Doc Rampage (01f543)

  4. But within the guide-lines…

    And I bet lawyers in her courtroom are on their BEST behavior from now on, don’t you think?

    Scott Jacobs (d3a6ec)

  5. A few months ago I attended my father-in-law’s funeral. He was an old school Chicago attorney who practiced the art of being a gentleman to deal with while at the same time fighting tooth and nail for his clients.

    Whatever happened to this” I have been a DA for over ten years and teh young defense attorneys seem to be getting worse and worse in their behavior. I haven’t seen anything like this personally, but I have seen things that are not far off. I am glad that he got what he got.

    Law schools should spend more time teaching professionalism.

    Ryan Wright (41f3eb)

  6. Law schools should spend more time teaching professionalism.
    A sense of guilt has to be instilled by the age of 5, and a sense of responsibility by the age of 10. After that, it’s too late.
    We live in a decadent society, on the way downhill from its zenith.
    In a sense, law schools are part of the problem, as they aggrandize the role of law in the maintenance of good social order.
    “Old school” expects conduct that is considerably “better” than “not breaking the law.”

    cboldt (3d73dd)

  7. Would someone kindly explain to this layman why an attorney would go out of the way to anger either the judge or a jury(or both). Is that a recognized tactic or just plain stupiridy?

    Bar Sinister (3c44d0)

  8. Which Shakespearian character was it that had the solution here?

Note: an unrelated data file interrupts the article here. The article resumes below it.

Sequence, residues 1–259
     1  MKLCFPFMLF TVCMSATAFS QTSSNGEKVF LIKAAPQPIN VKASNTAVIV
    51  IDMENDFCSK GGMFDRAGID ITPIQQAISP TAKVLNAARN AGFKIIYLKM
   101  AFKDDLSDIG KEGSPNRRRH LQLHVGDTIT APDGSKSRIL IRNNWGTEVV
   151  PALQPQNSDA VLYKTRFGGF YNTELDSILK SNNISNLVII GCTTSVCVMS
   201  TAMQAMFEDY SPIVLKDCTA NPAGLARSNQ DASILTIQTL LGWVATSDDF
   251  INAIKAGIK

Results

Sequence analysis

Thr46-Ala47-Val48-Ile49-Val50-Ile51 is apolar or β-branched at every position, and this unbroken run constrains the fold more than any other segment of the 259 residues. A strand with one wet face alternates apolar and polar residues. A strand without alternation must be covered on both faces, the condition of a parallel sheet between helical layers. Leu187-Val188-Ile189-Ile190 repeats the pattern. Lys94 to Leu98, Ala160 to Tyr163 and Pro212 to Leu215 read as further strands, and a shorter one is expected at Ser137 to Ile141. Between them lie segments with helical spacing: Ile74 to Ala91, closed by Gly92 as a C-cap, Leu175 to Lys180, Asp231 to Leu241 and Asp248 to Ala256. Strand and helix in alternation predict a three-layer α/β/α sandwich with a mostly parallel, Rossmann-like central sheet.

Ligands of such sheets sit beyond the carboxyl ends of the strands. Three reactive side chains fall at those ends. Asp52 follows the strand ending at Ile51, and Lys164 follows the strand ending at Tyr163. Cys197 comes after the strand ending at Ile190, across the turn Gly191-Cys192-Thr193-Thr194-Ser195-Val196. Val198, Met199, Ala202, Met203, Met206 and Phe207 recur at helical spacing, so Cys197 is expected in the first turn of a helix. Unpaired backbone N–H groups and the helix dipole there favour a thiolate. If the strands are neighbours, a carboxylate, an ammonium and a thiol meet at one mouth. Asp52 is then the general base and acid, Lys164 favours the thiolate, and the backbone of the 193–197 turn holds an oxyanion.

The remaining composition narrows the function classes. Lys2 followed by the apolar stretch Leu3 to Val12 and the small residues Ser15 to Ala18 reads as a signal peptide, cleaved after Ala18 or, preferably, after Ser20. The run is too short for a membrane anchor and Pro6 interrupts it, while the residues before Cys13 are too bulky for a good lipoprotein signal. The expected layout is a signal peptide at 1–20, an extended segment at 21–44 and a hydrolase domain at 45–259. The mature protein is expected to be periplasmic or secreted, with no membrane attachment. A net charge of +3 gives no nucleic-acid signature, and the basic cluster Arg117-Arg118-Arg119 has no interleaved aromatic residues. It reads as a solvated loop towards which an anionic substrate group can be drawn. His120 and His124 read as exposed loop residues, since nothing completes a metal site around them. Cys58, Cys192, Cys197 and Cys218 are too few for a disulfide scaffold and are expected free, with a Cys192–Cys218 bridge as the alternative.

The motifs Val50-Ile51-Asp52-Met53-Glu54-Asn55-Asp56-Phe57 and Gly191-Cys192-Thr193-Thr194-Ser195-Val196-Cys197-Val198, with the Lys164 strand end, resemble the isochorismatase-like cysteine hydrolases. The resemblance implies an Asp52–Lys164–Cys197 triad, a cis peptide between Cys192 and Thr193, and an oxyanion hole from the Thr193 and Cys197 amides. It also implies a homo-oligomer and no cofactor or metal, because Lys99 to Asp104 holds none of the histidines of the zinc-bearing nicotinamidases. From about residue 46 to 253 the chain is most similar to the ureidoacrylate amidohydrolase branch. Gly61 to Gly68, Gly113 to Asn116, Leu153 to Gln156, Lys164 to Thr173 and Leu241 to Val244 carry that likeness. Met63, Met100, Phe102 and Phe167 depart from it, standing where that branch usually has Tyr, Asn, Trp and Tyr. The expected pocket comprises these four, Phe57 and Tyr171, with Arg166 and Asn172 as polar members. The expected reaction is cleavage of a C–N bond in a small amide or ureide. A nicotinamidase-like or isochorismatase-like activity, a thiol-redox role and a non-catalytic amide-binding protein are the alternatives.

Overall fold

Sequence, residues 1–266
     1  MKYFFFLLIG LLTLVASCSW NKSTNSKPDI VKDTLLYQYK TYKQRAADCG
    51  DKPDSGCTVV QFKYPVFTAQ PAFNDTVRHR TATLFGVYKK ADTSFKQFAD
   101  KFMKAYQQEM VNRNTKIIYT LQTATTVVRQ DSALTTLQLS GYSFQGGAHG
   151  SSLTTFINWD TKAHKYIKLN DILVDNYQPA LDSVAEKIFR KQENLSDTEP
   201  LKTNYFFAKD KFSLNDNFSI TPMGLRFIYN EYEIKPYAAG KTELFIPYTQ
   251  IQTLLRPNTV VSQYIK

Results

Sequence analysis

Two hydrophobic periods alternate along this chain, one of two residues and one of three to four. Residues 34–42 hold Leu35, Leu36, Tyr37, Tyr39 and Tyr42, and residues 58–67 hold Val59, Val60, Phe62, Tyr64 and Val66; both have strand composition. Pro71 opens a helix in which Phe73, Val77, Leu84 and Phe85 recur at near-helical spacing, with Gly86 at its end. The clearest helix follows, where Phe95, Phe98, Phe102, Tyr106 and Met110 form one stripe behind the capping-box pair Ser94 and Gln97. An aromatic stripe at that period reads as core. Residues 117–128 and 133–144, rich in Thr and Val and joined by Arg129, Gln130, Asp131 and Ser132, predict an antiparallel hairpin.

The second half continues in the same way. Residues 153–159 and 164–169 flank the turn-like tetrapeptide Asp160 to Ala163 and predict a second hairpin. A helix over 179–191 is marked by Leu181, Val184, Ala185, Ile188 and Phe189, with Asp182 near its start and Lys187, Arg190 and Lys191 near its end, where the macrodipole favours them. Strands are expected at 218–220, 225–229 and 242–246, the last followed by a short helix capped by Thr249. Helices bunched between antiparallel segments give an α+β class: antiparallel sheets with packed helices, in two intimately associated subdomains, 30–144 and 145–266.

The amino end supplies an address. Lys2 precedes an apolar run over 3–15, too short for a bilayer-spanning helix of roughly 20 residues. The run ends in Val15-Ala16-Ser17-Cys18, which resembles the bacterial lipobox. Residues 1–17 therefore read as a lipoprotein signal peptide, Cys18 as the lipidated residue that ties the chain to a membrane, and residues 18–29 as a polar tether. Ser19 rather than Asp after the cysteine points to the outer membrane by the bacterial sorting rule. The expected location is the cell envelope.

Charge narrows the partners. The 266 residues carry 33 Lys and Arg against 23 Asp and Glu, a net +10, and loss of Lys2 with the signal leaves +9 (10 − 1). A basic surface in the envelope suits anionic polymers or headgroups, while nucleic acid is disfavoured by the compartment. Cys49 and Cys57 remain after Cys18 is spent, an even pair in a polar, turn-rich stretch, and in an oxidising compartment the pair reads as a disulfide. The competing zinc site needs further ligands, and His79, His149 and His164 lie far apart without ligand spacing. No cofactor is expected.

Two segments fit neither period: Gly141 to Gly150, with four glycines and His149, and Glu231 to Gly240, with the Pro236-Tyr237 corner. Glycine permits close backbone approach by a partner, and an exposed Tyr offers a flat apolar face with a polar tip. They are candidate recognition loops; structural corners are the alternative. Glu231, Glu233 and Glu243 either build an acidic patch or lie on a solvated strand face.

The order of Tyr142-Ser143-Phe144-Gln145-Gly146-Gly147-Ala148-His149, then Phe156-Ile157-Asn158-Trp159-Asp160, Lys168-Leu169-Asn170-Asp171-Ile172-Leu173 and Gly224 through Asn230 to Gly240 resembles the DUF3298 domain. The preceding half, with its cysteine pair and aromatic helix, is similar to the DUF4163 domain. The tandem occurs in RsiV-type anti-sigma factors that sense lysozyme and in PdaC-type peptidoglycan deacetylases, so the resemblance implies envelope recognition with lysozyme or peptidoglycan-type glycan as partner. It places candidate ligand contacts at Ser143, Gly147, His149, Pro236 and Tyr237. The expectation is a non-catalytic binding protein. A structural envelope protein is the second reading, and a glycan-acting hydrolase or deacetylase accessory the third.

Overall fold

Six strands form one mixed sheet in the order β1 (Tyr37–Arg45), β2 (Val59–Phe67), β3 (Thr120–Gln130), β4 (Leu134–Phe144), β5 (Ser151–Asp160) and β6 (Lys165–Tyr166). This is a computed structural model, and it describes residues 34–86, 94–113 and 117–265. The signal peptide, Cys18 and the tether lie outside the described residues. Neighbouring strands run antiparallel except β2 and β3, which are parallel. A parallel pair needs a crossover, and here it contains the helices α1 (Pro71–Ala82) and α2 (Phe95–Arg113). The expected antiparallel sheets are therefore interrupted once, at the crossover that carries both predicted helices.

Another Drew (f9dd2c)

  9. Dick, one of Jack Cade’s henchmen. I don’t know what happened to Dick but Jack Cade was hanged.

    nk (6b7d4f)

  10. He probably had a poor lawyer.

    Another Drew (f9dd2c)

  11. No, peasants were not entitled to lawyers in 1450 England. Or trials for that matter. The Mayor of London just ordered him hanged on the spot. His feudal lord, against whom he was rebelling, also had the right to do that, any time, for a good reason, a bad reason or no reason at all. Be grateful for America and make July 4 your Christmas and Easter both.

    nk (6b7d4f)

  12. nk…
    I didn’t really think they held a trial, not one more formal than the Mayor just saying “hang him”.
    And, (having seen some of the places I would not want to return to) I am always grateful that I have been blessed to have been born in this wonderful country – a blessing that seems to have escaped many (in their views) who impose upon us in public life today.

    Another Drew (f9dd2c)

  13. Yup. Or to even having been given the gift of coming here.

    nk (6b7d4f)

  14. And on the lighter side, did you mean Michelle America-Dented-My-Mercedes Obama?

    nk (6b7d4f)

  15. She’s only the most prominant one, there are too many more that are oblivious to the bounty that has been granted them – and I’m not talking about material bounty.
    It also seems that those, like MO, who have been given the opportunity to amass wealth, are the most resentful of their presence in this Country of Opportunity, and its’ place in the world as that Shining City on a Hill.

    Another Drew (f9dd2c)

Powered by WordPress.

Page loaded in: 0.0836 secs.